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July 4, 2002

July 04, 2002

Legend has it that an early draft of President Franklin D. Roosevelt's speech to Congress after Japan's attack on Pearl Harbor called Dec. 7, 1941, "a date which will live in history." The president, with a keen ear for language, scratched out "history" and wrote in "infamy." He knew the symbolic power of one word--and one date.

Here we are today on the first July 4th after Sept. 11th, both days etched in history and memory for different reasons. So much has happened. We know that. And so little has changed. We need reminding there. We're at war, the president says, and it's bound to be a long one with more chapters than we imagine. The Taliban has been ousted and the tedious process of constructing Afghan democracy has begun. But, four months out from U.S. midterm elections, the camouflage of bipartisanship has evaporated in Washington politics and battle metaphors reign again.

The United States celebrates its 226th birthday today, wounded for sure, flustered perhaps, but still going strong as the world's brightest beacon of tolerance, liberty and opportunity. At least 19 terrorists came here to end their lives and commit homicidal mayhem against innocent civilians. But millions of people over the years have come here to begin new lives and build things.

Buildings go up and come down for one reason or, alas, another. But the idea of the United States has proven to be far stronger than any individual or physical structure. That's because the idea of freedom and democracy, as written and approved on that distant July 4th, taps into the wondrous human creativity and imagination of the myriad souls who've lived here, worked here and added their own dollop of personal effort and inspiration to this grand, imperfect experiment in democracy. It's a noisy, raucous place at times, even rude, crude and overbearing. But over two centuries, no other enduring nation has strove so consistently for openness and self-improvement.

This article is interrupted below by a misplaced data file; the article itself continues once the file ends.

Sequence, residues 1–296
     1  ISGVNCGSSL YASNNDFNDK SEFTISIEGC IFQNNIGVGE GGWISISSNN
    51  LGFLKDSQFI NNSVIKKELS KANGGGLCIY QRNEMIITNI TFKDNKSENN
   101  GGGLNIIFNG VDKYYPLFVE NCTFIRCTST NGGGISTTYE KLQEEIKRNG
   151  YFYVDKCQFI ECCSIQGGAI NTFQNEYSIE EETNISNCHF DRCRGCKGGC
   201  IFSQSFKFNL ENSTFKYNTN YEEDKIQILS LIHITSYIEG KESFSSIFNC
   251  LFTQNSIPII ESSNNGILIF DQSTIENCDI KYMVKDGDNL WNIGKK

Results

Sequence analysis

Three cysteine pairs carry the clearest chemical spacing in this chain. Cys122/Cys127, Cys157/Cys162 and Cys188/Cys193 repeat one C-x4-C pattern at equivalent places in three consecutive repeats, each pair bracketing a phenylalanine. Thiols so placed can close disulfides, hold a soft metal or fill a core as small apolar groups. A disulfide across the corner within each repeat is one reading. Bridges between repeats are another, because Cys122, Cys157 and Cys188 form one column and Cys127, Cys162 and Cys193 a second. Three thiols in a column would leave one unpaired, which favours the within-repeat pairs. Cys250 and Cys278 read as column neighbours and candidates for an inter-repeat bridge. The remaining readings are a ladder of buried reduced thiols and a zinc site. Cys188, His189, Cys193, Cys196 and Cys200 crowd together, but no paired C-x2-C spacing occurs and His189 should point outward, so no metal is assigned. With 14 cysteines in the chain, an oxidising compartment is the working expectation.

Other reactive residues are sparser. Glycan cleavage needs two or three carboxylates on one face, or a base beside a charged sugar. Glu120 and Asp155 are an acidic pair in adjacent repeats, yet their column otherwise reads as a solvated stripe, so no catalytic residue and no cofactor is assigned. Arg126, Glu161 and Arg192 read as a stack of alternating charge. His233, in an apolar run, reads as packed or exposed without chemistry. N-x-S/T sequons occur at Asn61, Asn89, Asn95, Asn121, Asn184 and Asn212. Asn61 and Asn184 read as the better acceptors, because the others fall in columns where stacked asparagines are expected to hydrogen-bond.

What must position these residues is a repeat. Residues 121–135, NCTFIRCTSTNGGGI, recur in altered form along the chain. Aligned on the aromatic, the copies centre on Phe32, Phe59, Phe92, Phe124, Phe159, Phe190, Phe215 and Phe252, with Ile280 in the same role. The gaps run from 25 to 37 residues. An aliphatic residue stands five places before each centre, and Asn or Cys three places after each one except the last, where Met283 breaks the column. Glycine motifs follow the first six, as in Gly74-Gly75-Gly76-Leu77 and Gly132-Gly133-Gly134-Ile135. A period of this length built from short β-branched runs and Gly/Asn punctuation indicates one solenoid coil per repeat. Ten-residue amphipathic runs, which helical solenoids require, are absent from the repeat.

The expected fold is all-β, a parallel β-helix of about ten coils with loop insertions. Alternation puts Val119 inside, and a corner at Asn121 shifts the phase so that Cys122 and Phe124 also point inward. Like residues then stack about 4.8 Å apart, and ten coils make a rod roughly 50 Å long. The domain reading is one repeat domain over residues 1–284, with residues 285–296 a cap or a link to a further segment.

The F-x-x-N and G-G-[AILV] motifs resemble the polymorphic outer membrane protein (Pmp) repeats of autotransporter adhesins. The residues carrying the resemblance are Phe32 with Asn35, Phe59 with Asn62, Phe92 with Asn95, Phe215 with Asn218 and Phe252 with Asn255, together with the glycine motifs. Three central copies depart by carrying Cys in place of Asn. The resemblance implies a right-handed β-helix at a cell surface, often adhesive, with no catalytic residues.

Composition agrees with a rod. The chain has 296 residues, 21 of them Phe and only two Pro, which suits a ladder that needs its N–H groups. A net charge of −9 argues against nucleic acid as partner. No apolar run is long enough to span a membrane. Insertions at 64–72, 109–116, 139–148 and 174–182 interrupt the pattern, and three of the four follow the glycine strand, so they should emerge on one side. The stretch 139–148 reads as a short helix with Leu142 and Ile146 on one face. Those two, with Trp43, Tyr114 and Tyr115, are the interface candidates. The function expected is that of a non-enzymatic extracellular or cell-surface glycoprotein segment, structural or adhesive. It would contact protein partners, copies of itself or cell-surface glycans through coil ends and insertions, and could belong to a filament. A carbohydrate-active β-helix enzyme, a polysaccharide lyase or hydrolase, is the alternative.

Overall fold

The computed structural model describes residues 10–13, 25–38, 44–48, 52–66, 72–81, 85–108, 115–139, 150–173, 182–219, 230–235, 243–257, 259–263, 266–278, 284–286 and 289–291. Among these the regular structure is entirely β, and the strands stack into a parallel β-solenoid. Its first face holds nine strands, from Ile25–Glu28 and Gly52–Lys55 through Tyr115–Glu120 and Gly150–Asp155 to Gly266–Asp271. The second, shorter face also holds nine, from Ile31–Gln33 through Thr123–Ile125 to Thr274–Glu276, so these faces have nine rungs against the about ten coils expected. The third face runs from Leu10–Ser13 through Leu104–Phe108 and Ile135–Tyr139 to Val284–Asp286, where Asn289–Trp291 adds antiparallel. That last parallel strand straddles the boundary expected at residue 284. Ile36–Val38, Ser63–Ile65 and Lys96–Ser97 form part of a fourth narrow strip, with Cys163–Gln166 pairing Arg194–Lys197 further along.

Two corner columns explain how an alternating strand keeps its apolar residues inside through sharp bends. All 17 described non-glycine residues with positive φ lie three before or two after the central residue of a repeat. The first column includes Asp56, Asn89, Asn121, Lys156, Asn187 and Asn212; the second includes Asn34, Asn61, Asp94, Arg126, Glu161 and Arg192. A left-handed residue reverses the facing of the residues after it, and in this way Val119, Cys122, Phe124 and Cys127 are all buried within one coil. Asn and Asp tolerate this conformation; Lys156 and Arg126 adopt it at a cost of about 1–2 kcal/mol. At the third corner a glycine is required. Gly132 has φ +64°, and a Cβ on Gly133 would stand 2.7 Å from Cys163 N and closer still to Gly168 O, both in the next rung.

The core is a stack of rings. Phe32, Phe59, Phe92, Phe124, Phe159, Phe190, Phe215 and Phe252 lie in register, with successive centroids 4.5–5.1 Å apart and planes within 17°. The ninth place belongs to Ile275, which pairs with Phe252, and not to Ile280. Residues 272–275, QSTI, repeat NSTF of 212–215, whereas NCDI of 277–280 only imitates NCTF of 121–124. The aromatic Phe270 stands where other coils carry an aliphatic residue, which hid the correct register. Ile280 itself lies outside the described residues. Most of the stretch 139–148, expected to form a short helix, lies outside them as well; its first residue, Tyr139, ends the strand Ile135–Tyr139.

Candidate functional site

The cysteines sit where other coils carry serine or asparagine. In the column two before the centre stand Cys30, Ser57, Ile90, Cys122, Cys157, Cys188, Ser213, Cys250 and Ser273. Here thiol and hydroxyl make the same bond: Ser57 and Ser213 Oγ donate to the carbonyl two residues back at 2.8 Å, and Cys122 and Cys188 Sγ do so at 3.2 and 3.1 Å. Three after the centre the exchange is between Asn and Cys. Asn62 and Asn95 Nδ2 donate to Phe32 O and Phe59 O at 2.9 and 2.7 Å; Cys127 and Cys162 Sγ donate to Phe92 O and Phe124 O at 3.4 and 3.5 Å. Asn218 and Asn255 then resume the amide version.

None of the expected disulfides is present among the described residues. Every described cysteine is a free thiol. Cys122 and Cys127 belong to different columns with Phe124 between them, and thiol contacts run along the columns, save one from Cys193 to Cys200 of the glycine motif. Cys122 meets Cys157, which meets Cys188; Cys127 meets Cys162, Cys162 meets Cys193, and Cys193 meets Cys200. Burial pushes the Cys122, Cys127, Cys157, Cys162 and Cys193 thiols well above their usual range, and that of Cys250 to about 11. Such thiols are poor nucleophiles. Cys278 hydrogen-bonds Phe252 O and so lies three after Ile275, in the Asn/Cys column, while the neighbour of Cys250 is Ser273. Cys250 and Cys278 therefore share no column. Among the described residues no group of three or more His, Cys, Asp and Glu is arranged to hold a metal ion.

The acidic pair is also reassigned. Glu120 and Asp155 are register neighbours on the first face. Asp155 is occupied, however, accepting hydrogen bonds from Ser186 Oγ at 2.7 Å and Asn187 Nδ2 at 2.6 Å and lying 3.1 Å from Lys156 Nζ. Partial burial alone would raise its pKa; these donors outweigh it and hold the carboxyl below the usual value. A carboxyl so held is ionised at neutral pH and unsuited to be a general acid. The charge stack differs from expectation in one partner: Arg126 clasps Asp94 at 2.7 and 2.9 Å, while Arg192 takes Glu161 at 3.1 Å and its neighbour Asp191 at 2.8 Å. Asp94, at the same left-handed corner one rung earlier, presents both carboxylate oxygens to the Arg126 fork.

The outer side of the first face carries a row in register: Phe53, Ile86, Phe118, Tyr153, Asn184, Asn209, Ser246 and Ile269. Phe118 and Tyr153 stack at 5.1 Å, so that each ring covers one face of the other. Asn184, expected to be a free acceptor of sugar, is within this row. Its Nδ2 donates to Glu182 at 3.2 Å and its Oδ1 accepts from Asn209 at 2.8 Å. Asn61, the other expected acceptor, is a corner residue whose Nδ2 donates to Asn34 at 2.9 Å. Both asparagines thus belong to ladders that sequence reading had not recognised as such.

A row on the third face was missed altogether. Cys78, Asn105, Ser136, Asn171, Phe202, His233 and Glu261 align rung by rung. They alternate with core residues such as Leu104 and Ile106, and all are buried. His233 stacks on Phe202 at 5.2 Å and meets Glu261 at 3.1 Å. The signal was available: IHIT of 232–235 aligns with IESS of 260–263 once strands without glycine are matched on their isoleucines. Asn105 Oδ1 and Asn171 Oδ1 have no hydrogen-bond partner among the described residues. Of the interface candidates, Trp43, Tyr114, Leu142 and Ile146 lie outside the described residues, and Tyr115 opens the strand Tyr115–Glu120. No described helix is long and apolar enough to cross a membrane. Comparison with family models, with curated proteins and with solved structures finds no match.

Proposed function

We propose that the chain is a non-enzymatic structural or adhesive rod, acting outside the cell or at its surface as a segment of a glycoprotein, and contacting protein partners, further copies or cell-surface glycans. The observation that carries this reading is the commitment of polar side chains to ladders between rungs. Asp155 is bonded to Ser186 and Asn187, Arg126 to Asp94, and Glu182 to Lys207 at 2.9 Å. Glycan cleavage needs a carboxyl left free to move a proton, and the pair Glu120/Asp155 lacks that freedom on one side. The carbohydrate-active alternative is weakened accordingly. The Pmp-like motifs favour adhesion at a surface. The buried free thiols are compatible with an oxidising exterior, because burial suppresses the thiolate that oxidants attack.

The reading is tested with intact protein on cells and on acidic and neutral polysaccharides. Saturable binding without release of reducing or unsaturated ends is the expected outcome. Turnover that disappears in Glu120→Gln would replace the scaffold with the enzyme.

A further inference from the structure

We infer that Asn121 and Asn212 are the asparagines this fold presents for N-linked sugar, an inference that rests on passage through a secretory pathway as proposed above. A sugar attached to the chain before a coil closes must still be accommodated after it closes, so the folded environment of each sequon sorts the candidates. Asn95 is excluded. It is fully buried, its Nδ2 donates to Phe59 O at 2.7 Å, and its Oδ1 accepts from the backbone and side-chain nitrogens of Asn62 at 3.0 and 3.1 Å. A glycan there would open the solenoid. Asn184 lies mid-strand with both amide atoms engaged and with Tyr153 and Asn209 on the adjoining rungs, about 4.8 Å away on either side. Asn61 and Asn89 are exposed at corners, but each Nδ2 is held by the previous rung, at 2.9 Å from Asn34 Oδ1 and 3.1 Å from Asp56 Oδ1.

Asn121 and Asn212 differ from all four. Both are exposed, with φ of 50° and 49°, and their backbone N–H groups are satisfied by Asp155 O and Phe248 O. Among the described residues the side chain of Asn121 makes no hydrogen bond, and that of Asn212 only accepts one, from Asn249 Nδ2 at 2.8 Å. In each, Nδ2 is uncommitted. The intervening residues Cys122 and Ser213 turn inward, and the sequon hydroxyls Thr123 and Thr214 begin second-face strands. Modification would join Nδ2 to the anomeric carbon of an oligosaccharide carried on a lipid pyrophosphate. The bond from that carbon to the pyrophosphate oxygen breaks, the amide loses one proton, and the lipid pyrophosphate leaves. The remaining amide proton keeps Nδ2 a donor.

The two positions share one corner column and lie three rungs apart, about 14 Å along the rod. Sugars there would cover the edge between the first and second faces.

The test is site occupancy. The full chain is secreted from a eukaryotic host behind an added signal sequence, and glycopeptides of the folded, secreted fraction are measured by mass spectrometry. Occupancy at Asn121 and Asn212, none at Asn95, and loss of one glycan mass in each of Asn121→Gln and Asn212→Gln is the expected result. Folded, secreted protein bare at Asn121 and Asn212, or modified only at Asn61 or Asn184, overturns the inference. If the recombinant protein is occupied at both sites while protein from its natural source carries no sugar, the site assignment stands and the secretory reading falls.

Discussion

We need to recall that amid the holiday hoopla. The hot dogs this year will taste pretty much the same. Some parades may be a tad longer. More spectators might stand respectfully when the flag passes or the national anthem plays. The fireworks tonight may make us think of more lethal explosions elsewhere. In sum, we're more aware today of what we've had all along.

One year ago in this same space, talking about appreciating the fragile democratic heritage launched by the founding fathers July 4, 1776, we wrote: " ... then one day what we thought we appreciated is somehow gone forever and the word 'appreciate' takes on a much deeper meaning. That's the feeling that ought to rise in our heads and hearts for a few minutes today." In the end, it seems the message from one Fourth of July to another is exactly the same. We're what's changed.

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